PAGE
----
Immigrant Voting Laws: The Price of Voting
For many, renewing or obtaining a new state driver’s license in the United States is a mundane task. Non-citizen and citizen applicants alike must gather the requisite documents to prove their identity, residency, and legal status and follow the guidelines at their local department of motor vehicles.
However ordinary this process may be, non-citizens seeking a state driver’s license must be mindful of one very crucial step: THEY MUST NOT REGISTER TO VOTE! In the United States, only U.S. Citizens are eligible to vote.
Immigrant Voting Laws
In 1993, Congress passed the National Voter Registration Act, known as the motor voter law, which aimed to enhance eligible voter participation in federal elections. The motor voter law provides that in addition to whatever methods of voter registration states already use, states are to provide individuals with the opportunity to register to vote at the same time that they apply for a driver’s license. In some states, voter registration is integrated into the driver’s license application process; while, in other states, separate voter registration forms are handed out to applicants.
One could infer that integrating voter registration into the driver’s license application process would pose a problem for unassuming non-citizens; specifically those dealing with a language barrier, and equally for those who are simply unaware that the right to vote in a U.S. election is a right reserved for U.S. citizens. Well, that is exactly what has happened. Since the enactment of the motor voter law, several states acknowledged problems resulting from it. In many instances individuals who were not qualified to vote, such as non-citizens, were automatically registered. Additionally, even if non-citizens do not actually vote, the fact that they have registered to vote alone creates severe adverse affects on their immigration cases.
Criminal prosecution aside, when a non-citizen votes or registers to vote, he or she is making a false claim to U.S. citizenship. Whether or not the act of registering to vote was intentional or not is irrelevant. The simple act of registering to vote creates a false claim which renders the individual inadmissible and removable. This is an extremely harsh law with a very narrow exception. The only exception is as follows: where each natural parent of the individual is or was a citizen, the individual permanently resided in the U.S. prior to reaching the age of 16, and the individual reasonably believed he or she was a citizen, then the individual will not be barred from admission.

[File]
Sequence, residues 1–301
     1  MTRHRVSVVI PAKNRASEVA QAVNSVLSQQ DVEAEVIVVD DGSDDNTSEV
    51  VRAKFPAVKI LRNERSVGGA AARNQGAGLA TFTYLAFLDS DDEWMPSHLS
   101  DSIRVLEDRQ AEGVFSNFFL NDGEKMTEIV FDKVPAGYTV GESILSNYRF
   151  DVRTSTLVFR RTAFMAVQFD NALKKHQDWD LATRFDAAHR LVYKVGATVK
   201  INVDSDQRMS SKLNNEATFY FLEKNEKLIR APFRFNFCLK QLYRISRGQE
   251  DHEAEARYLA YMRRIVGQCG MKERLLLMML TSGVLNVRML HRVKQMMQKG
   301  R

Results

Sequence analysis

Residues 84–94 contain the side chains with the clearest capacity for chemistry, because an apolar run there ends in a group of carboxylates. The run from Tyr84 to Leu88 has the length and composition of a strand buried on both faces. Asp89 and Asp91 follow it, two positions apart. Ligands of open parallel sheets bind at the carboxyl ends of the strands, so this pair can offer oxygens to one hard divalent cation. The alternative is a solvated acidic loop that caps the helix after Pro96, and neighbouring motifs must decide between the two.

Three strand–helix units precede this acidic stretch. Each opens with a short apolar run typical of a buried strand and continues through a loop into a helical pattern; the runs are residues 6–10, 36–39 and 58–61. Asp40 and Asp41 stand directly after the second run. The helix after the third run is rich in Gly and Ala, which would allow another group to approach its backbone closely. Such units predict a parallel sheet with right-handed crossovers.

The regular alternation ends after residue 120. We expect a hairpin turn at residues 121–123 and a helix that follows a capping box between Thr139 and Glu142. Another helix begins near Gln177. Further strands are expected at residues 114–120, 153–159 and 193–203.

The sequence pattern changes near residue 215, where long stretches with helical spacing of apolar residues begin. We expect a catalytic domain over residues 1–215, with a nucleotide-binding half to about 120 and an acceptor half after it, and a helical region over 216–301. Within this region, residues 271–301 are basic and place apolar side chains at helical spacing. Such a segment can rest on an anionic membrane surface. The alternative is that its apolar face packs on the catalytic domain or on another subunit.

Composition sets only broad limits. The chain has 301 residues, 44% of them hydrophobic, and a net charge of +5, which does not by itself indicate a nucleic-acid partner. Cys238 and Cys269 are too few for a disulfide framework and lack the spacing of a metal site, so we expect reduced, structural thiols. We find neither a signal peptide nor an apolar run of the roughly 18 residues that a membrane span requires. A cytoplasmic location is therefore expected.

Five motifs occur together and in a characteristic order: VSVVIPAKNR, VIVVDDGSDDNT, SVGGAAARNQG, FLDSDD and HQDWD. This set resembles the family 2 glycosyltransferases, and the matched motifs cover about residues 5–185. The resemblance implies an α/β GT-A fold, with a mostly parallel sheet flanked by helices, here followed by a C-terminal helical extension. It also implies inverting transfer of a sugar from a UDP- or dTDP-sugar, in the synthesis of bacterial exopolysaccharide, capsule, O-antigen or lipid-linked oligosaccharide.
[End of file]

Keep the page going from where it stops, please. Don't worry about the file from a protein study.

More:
A non-citizen that has registered to vote and does not fall into the exception must (1) take steps to withdraw his/her voting registration, (2) prepare affidavits explaining circumstances surrounding the registration, and (3) be prepared to discuss what happened at a future interview with an immigration officer. The decision then falls within the discretion of the officer.
The lesson is to be alert and aware of this problem and remember that the right to vote in the United States is reserved only for United States Citizens. Thus, if you are here “illegally” or even if you are a Lawful Permanent Resident, it is crucial that you refrain from registering to vote or from voting. The Law Offices of Azita M. Mojarad, P.C. will be happy to discuss any further questions or concerns you may have about this subject matter.